What Kind of Bird Was That?

by Larry Jordan on October 7, 2007

American Kestrel

American Kestrel (male) photo by Clive Emary

Yesterday my wife and I were relaxing on the back porch, as we like to do whenever we get the chance, listening to the myriad of songbirds in our backyard.  Out of nowhere, I see out of the corner of my eye, a medium sized flash of a bird, rolling and tumbling with the greatest of ease across my pond.  I saw the flash of a striped tail and barred under-wings as she banked before my eyes and disappeared into a smallish scrub oak next to my pond in the midst of my feeding stations.

“Wow Brigitte, did you see that,” I said, excitedly astonished by the shear quickness of the bird’s movements.  “What,” she said.  “I think a Kestrel just flew into that tree.”  We located the bird in the tree and sure enough it was an American Kestrel.  Of course by this time all of the songbirds were long gone but I wanted to concentrate on viewing the Kestrel.

I had not seen a Kestrel on our property for quite awhile.Large Birdhouse for Kestrel  I had recently decided to build a Kestrel nest box (birdhouse) to see if I could attract a pair of American Kestrels to breed on our property.  I placed the box about 25 feet up in a Grey Pine and hoped for the best.  I have not seen any activity so far but it is late in the season.  I hope to see that diving, rolling, hovering Kestrel in the spring with a mate using my new birdhouse.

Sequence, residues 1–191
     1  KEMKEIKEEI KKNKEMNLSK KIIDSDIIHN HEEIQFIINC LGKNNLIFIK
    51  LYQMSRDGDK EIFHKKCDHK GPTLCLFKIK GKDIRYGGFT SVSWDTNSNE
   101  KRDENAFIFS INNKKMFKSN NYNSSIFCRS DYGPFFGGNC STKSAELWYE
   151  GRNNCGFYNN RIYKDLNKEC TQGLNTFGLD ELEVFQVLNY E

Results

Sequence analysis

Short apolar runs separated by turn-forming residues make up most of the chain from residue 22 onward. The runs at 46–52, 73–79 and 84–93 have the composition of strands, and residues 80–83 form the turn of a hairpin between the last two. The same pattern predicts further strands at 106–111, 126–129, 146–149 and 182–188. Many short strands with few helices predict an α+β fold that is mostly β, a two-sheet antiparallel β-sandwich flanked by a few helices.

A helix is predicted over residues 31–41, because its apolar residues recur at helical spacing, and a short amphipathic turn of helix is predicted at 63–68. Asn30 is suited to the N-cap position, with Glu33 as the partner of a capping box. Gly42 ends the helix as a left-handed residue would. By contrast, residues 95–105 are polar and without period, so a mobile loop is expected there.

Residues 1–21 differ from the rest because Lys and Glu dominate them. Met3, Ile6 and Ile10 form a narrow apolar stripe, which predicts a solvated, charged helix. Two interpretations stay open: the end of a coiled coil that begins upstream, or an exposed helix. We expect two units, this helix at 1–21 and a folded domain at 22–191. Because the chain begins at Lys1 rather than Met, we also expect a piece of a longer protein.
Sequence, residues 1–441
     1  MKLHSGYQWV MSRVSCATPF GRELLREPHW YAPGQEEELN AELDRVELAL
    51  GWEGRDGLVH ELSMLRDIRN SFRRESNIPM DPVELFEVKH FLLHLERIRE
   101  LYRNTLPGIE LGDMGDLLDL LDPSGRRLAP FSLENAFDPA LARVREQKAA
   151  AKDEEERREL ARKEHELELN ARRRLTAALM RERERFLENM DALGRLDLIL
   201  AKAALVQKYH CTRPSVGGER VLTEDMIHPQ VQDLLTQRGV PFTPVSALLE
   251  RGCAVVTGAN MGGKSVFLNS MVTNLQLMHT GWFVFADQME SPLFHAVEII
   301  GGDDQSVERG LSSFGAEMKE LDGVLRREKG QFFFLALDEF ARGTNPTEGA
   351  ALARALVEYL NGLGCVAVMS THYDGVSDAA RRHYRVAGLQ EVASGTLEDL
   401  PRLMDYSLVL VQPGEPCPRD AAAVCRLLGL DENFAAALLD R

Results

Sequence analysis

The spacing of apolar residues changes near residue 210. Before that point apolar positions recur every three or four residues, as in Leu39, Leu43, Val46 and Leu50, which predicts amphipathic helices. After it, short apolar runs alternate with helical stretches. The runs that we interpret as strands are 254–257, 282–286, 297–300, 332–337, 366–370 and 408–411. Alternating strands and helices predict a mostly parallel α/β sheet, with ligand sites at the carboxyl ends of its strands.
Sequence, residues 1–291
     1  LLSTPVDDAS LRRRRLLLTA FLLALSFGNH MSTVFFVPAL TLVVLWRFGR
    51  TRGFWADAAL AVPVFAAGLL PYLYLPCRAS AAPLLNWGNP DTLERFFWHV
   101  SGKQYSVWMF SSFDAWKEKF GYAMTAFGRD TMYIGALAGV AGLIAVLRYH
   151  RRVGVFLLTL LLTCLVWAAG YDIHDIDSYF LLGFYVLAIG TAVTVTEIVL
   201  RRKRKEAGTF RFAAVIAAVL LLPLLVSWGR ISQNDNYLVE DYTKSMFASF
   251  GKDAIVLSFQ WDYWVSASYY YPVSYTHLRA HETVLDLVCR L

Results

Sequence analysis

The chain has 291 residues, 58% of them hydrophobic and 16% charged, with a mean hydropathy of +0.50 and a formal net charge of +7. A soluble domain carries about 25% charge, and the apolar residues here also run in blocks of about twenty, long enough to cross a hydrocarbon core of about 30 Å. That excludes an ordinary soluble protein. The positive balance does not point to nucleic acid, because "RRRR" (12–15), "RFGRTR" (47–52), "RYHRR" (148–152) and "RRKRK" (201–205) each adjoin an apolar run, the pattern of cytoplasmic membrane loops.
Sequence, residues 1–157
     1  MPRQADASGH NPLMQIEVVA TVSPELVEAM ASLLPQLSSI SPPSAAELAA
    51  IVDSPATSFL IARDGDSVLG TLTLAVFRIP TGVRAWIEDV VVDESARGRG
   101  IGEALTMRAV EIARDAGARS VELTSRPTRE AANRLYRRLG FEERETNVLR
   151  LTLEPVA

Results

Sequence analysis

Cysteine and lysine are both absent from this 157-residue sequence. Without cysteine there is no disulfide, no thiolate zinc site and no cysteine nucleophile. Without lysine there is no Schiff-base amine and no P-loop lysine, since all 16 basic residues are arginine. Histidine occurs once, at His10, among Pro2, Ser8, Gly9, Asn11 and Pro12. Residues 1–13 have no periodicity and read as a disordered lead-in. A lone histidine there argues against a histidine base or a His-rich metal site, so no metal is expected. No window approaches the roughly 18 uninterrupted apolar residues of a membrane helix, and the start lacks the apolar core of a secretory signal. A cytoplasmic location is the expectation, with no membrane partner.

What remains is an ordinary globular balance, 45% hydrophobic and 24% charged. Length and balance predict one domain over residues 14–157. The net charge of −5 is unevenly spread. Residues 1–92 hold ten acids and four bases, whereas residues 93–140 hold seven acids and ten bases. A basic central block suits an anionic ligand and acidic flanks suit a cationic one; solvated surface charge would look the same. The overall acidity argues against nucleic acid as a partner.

Do you want to know why I would love to have a breeding pair of American Kestrels on my property?  Here are the facts about this amazing species:

American Kestrel –  Falco Sparverious –  The smallest and most common falcon in North America.  They are 9-12 inches tall with a 20-24 inch wingspan.  Females weigh about 4 1/2 ounces, males 3 1/2 – 4 ounces.  Identified by russet back and tail, double black stripes on white face.  Male has blue-gray wings, female has russet wings and back with narrow bands on tail.  They have excellent vision and an acute sense of hearing.

American Kestrel female

American Kestrel (female) photo by Dan Walters

The American Kestrel is found in open country, farmland, cities, wooded canyons and deserts.  They are able to live in desert habitat because of their tolerance to extreme heat and their ability to obtain moisture from a carnivorous diet of insects small reptiles and mammals.  They hunt mostly in morning and late afternoon by hovering over prey, rapidly beating their wings then plunging down to capture the prey.

Kestrels will nest in a natural site such as a tree or cactus or a man made cavity preferably with pine shavings added to the nest box (see birdhouse link in right side panel).  Pairs are monogamous, the female laying 4-5 white or pinkish eggs, blotched with brown.  The female does most of the incubating and is fed by the male.  The male calls as he nears the nest with food; the female flies to him, receives the food, and returns to the nest.  After the eggs hatch, the male continues to bring most of the food.  The young stay with the adults for a time after fledging and it is not uncommon to see family parties in late summer.